Happy Freedom Day, Inside and Out

July 4th, 2011 — 10:50am

I am so grateful for my life. I am grateful to live in this magnificent, imperfect country. I am grateful for my beautiful family, my health, and having birthed a book I’ve dreamed of for years. There is something truly freeing about living your dharma, doing what you know you are meant to do in the world. This did not come easy for me, nor do I take it for granted. The longer I live, the more sure I am that we cannot experience internal freedom unless we share at least some of our voice and truth with the world.

This review on Amazon made my day.


I have just finished Ravenous by Dayna Macy, and I am sad that it’s over. That is an extremely odd thing to say for me about a book – but this was such a lovely read, I actually find myself missing it – which is even more peculiar!

Ms. Macy’s book is a wonderful read for anyone interested in exploring their relationship with food, but even more so for emotional eaters, who will likely find themselves relating to many of the things she says about using food to fill an emotional need of some sort, or liking a food mostly because it bring back memories.

In the book, a chronicle of her experimentation and research into the food industry – or rather, since she explored the non-industrialized sources, more into “food-related crafts” – alternates with tales from her childhood or earlier times in her life, and as I saw patterns emerge in her own habits, so I started seeing patterns in my own. Her need, happiness, rage, sadness are all transparent, she is painfully honest and as such, she manages to craft something that is part memoir, part “documentary”, part self-help book – but always without preaching, without faking being more in control or in better shape than the reader. She manages to help you by simply being open and honest, even when it’s scary or painful; and because being that introspective requires a certain amount of courage, you can’t help but admire her, even when you are not sure her course of action is necessarily the one *you* would choose.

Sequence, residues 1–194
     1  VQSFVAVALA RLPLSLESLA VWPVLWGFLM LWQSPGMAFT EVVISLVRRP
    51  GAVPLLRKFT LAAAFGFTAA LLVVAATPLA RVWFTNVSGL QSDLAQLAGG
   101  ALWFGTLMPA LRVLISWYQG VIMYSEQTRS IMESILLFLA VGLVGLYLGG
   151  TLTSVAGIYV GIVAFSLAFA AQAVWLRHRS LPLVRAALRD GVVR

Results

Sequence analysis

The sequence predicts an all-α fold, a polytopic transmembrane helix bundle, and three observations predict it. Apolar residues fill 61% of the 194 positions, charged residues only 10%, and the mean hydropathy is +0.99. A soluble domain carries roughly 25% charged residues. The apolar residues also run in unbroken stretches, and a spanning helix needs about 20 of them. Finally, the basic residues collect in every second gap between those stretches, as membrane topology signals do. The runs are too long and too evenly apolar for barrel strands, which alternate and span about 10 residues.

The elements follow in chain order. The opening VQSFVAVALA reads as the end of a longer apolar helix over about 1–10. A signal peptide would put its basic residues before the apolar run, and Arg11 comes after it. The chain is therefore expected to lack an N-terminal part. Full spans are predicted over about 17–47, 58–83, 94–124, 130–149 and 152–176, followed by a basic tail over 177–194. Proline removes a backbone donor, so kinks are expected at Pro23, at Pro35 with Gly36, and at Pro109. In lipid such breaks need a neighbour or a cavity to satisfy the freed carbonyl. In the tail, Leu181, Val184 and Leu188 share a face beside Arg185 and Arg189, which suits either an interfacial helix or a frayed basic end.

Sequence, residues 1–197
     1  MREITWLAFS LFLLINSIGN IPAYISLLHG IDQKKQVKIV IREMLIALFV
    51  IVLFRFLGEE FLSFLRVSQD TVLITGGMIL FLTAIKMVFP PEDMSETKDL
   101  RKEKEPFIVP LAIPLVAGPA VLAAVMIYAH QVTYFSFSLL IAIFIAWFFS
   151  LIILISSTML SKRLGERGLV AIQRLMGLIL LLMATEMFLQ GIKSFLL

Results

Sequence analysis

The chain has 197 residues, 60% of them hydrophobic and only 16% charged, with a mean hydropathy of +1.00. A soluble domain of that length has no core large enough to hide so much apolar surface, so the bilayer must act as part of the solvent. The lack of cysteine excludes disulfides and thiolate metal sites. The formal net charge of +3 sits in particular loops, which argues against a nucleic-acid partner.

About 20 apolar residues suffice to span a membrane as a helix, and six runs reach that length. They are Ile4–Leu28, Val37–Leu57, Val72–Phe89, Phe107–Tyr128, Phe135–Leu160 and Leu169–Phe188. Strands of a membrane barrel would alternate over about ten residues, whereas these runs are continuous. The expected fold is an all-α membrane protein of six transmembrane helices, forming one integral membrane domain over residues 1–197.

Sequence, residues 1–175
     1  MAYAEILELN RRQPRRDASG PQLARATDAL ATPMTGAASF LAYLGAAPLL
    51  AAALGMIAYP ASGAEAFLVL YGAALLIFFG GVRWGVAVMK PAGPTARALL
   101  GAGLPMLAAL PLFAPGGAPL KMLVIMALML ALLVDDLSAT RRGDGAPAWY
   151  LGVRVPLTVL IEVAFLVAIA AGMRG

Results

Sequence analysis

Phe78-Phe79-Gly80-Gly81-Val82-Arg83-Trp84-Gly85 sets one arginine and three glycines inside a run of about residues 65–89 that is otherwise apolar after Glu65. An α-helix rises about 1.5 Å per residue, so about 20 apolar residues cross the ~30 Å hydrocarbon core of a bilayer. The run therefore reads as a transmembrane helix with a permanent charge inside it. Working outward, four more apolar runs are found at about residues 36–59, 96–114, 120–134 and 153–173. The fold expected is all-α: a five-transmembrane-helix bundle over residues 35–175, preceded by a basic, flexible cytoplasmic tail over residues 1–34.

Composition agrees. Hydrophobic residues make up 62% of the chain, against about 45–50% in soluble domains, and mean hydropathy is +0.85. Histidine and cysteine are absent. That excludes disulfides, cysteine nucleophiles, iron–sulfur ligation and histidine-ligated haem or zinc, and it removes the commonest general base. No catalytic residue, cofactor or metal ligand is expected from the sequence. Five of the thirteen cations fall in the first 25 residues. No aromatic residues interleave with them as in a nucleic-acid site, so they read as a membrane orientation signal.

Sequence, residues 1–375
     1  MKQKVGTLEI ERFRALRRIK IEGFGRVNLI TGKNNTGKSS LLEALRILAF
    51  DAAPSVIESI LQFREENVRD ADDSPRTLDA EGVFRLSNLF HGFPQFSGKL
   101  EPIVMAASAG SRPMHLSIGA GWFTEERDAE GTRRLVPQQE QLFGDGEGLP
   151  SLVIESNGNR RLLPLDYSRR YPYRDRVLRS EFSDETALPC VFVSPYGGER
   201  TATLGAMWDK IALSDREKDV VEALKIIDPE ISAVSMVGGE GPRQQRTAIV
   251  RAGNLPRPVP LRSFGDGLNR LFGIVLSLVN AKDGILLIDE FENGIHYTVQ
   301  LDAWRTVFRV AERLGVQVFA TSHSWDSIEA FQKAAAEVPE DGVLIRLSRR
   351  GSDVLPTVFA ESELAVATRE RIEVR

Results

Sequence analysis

Even better, you can’t help but making similar reflections yourself, as her account of both her research and her life are so unabashedly sincere that you crave that for yourself – you too want to bee that candid, that straightforward about your life, your emotions, your experiences; you too want to be that determined to solve your issues, that open to trying whatever might work.

A wonderful read, one that I won’t include in the pile I bring to my monthly book swaps, but instead will have a place on my shelf, where I can reach for it again when I need inspiration!

Category: Uncategorized Comment »

Leave a Reply

Back to top